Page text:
Icon PhosphoproteomicsWe apply a gel-free phosphoproteomics pipeline to different biological systems: Arabidopsis cell suspension cultures, liquid Arabidopsis seedling cultures and the monocot leaves.

We combine these systems with loss- and gain-of-function approaches (such as tightly controlled systems using a constitutively active form under a native, inducible promoter), engineered kinases (Blethrow et al. 2008; Hengeveld et al. 2012), and specific stimuli to perform an untargeted mass spectrometric analysis of the phosphoproteome (e.g. Kline et al. 2010). To confirm the importance of key differentially phosphorylated proteins (ideally hubs controlling major switches in physiological and developmental processes) in a biological process, candidates are functionally characterized using kinase assays and phospho-specific antibodies to demonstrate functionality and in vivo phosphorylation, respectively, complemented with loss- and gain-of-function approaches (including site-directed phospho-site mutagenesis) and detailed analyses of expression patterns, both in Arabidopsis and monocot crops when relevant.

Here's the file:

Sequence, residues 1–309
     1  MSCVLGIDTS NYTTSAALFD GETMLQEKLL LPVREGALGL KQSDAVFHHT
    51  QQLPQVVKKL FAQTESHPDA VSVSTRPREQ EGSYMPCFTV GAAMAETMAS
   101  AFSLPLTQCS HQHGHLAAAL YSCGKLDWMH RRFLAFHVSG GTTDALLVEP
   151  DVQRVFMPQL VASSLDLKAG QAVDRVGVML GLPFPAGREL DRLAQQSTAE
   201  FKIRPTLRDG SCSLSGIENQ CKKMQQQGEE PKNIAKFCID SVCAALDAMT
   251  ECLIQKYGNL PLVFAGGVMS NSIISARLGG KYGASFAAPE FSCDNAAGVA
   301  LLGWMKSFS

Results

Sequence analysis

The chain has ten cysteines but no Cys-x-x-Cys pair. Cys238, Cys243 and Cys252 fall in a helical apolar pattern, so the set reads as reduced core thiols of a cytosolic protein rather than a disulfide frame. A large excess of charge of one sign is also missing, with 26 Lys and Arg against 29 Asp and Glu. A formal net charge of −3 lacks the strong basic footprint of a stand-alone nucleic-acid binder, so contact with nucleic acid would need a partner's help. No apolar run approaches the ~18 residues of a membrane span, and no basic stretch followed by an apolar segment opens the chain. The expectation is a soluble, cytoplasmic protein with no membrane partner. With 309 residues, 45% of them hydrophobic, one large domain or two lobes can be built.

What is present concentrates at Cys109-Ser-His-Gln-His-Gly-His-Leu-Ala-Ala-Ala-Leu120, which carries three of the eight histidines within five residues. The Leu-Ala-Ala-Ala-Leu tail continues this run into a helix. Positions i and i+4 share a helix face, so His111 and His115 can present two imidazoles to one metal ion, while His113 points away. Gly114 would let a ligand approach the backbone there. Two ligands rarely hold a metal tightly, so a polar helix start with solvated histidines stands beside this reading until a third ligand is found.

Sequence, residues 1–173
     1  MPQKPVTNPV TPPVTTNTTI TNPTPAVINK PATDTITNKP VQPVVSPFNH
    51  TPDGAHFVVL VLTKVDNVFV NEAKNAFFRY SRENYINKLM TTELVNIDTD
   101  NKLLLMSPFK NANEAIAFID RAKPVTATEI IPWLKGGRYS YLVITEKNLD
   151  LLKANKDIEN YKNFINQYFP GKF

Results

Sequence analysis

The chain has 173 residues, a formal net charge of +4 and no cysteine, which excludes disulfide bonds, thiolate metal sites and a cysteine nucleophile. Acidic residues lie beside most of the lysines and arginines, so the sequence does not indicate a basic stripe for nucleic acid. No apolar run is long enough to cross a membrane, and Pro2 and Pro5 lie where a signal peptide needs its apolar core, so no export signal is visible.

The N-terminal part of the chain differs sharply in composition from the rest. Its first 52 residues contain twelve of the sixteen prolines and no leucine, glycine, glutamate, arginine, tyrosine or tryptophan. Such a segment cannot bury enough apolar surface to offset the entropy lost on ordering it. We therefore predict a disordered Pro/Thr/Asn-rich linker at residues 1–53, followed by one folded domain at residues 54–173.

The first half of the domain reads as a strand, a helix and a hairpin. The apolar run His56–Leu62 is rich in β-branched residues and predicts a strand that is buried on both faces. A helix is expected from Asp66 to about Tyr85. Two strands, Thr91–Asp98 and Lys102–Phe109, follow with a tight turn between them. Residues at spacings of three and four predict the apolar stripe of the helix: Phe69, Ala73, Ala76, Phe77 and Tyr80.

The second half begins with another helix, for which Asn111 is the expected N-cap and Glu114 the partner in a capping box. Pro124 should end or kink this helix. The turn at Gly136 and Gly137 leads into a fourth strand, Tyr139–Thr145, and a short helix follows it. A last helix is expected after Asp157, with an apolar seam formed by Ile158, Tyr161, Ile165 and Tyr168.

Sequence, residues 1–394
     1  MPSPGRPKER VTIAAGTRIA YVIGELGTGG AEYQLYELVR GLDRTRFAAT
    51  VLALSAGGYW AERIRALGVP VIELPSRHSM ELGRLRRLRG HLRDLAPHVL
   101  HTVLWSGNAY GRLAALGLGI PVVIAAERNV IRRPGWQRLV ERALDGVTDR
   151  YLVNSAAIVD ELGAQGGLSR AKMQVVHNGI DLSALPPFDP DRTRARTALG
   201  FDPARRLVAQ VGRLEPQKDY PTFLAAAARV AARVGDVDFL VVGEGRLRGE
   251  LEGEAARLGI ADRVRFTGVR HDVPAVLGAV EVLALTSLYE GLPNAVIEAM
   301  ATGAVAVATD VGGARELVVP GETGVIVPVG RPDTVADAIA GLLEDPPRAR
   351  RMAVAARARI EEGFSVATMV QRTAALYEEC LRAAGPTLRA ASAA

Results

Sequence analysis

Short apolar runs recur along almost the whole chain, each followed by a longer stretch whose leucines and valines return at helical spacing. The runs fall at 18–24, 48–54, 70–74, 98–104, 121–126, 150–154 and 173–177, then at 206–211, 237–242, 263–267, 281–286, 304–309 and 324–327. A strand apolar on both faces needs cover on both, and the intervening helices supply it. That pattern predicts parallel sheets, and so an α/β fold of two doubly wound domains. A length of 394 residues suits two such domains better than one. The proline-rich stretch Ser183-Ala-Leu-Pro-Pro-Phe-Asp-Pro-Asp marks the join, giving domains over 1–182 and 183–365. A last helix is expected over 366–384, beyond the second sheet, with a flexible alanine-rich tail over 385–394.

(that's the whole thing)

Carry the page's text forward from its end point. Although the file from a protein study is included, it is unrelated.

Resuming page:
Recommended Reading

  • Hengeveld, R. C., Hertz, N. T., Vromans, M. J., Zhang, C., Burlingame, A. L., Shokat, K. M., & Lens, S. M. (2012). Development of a chemical genetic approach for human Aurora B kinase identifies novel substrates of the chromosomal passenger complex. Mol. Cell. Proteomics 11, 47-59.
  • Kline, K. G., Barrett-Wilt, G. A., & Sussman, M. R. (2010). In planta changes in protein phosphorylation induced by the plant hormone abscisic acid. Proc. Natl. Acad. Sci. USA 107, 15986-15991.
  • Blethrow, J. D., Glavy, J. S., Morgan, D. O., & Shokat, K. M. (2008). Covalent capture of kinase-specific phosphopeptides reveals Cdk1-cyclin B substrates. Proc. Natl. Acad. Sci. USA 105, 1442-1447.